An overzealous Walgreens security guard and a case of mistaken identity led to what the drugstore chain is calling “an unfortunate situation” in Chicago. A 62-year-old man, a Vietnam War veteran, claims that he entered the store and a security guard asked him to leave or face arrest. The guard had mistaken him for a homeless man who had caused problems at the same store. [More]
From pencils, to bear costumes, to urostomy pouches, Duane Reade is your one-stop back to school supershop. The drug store gets a little gentle ribbing over the extensiveness of its inventory in this amusing little parody ad. [More]
Jason wanted to stock up on allergy meds by buying two packages rather than one in order to take advantage of a low price. Walgreens denied him then proceeded to accuse him of shady activity. [More]
Back in April, reader B. e-mailed the Consumerist tipline about a change to his health insurance plan’s prescription drug schedule. It raised a drug that he’s taken for years, the generic version of Prozac, to a different schedule—more than tripling B.’s co-pay, from $8 to $25.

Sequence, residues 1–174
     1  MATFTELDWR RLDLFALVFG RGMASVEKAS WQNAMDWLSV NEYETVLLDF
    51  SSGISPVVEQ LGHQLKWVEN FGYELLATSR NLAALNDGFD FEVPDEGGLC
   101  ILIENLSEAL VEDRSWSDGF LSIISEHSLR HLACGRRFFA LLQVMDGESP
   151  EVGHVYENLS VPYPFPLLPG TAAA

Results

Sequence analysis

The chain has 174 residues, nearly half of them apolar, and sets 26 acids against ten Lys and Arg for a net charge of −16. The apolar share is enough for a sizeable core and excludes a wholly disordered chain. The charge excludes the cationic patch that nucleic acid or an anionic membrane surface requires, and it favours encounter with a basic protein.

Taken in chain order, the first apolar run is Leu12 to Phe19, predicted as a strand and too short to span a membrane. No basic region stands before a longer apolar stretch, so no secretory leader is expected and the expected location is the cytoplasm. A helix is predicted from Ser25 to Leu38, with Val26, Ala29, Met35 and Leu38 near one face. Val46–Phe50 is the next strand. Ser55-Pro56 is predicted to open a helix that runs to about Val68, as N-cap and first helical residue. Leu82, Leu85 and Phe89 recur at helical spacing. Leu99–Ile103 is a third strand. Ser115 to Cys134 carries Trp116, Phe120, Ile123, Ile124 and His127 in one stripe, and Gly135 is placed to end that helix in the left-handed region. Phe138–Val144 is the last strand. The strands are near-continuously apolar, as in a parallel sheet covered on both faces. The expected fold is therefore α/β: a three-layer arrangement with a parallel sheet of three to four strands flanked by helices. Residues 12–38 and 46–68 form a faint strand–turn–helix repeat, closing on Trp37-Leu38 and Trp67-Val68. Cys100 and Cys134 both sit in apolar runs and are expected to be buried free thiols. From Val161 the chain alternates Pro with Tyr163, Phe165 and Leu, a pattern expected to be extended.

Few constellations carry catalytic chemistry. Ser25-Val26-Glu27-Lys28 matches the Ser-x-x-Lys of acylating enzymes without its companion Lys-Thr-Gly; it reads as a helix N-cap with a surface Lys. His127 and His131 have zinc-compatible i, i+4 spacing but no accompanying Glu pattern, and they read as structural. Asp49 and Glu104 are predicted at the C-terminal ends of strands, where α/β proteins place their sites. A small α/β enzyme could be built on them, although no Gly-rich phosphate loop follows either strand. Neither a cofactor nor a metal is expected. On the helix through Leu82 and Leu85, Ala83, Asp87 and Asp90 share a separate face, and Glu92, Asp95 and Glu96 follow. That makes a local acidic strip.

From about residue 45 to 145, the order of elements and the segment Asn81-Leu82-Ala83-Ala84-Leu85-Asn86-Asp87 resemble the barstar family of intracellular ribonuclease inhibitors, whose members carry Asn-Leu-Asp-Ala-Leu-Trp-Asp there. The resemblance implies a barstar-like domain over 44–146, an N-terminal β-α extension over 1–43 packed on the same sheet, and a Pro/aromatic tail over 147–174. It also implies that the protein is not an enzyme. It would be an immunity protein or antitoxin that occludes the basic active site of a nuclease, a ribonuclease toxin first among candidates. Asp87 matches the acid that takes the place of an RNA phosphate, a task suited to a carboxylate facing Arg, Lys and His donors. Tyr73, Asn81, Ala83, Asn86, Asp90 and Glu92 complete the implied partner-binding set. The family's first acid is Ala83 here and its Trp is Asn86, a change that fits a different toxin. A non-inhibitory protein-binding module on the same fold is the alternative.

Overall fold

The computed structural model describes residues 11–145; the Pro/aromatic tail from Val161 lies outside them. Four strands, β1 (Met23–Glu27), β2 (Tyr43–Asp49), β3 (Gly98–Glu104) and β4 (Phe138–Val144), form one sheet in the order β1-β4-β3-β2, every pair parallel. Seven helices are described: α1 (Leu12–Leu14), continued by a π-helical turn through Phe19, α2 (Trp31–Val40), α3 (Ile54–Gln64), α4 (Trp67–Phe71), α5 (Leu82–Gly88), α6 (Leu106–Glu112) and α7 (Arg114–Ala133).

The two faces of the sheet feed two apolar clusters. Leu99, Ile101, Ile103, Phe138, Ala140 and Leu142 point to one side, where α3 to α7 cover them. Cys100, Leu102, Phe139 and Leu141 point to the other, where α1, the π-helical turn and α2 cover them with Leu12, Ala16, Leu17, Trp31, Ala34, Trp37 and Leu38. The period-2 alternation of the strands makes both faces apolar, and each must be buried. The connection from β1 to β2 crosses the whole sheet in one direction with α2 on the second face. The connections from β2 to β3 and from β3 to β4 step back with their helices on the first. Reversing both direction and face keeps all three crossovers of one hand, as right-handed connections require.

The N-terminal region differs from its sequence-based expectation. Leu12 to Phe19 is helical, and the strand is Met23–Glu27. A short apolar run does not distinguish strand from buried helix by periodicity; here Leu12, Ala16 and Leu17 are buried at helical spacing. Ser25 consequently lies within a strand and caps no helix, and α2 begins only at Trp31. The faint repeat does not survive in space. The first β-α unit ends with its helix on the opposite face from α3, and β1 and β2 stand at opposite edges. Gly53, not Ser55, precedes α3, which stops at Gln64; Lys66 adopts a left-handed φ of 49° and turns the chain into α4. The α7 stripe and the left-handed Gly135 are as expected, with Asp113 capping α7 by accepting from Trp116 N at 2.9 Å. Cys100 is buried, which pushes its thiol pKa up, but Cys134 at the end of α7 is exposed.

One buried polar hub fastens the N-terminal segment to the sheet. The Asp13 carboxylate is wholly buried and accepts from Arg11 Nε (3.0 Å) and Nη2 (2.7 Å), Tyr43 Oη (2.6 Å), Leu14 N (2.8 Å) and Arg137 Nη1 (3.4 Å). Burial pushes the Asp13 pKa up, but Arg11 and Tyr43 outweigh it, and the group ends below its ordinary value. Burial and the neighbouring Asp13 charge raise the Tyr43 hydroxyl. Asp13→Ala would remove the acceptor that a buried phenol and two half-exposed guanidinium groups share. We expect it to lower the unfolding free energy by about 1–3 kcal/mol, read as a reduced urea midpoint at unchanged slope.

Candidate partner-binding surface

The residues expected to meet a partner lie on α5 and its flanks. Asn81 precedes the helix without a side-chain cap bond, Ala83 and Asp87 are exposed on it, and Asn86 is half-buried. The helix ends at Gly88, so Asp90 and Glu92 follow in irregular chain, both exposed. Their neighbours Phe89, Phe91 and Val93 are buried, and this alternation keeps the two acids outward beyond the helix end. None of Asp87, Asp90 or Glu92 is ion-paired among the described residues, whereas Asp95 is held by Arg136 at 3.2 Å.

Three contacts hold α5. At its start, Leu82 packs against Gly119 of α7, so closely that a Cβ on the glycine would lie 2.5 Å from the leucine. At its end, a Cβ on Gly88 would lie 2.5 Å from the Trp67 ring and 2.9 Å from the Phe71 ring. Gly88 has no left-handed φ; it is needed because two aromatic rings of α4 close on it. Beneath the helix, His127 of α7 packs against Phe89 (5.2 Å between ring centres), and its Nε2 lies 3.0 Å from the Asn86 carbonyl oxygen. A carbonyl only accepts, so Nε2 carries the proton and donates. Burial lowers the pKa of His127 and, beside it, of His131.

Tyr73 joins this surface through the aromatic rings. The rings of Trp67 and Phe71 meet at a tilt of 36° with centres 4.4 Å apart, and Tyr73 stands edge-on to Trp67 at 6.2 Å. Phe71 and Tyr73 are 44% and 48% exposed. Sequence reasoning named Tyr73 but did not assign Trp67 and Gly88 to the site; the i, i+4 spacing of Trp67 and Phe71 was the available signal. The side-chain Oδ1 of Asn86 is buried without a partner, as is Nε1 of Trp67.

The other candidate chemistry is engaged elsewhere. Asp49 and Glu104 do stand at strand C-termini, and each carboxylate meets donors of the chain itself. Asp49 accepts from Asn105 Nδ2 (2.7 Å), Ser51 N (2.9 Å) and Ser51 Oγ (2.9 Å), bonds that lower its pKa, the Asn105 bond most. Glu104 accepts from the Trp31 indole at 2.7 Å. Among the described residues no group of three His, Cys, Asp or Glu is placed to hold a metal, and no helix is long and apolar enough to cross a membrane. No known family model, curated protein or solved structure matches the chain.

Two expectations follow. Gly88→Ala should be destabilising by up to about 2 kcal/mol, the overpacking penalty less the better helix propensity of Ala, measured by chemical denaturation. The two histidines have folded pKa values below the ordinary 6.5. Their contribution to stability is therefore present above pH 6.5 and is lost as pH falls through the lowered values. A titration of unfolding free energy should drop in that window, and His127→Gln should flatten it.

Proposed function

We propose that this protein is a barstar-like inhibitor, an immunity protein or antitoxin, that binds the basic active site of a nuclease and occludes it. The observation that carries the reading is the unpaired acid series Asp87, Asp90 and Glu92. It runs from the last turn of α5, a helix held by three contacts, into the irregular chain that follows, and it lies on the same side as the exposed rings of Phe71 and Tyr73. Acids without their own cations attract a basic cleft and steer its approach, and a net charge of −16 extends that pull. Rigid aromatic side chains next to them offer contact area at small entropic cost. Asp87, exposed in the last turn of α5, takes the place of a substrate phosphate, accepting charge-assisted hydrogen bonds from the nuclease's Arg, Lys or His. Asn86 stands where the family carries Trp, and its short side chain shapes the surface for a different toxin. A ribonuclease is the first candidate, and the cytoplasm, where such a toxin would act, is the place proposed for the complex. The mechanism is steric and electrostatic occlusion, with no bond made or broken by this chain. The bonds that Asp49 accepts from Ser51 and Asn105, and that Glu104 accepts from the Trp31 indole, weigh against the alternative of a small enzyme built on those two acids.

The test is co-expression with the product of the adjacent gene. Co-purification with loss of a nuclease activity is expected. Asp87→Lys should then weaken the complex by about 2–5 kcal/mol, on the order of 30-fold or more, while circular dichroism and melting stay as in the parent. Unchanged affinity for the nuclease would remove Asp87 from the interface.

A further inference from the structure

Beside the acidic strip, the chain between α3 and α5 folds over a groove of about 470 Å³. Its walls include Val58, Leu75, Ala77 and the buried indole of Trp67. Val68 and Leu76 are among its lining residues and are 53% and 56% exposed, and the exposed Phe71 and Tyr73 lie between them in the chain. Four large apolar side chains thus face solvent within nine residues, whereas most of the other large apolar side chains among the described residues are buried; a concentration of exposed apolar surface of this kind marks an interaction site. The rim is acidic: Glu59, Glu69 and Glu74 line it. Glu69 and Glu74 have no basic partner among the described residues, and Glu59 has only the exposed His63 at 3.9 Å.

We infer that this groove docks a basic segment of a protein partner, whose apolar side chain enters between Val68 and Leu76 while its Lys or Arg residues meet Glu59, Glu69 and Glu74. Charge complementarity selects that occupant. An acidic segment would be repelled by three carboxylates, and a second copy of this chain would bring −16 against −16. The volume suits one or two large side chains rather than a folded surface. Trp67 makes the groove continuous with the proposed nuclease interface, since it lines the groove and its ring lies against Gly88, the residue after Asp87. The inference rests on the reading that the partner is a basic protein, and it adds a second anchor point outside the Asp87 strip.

Matt sent Consumerist an e-mail with the subject line, “Why is my receipt two feet long?” See, he shopped at CVS, purchased one item, used the self-checkout machine, and walked away with a receipt longer than my dog. This is a massive waste of paper, especially when you multiply it by the number of CVS stores and the number of purchases at each one, but it isn’t completely pointless.
Rachael writes in with an update about her complaint with CVS.
Reader Rachael’s description of what its like to shop at her local CVS is a good example maddening, yet typical “customer service” that you find at chain drug stores. Why is buying razor blades and photo prints so insanely difficult? Why?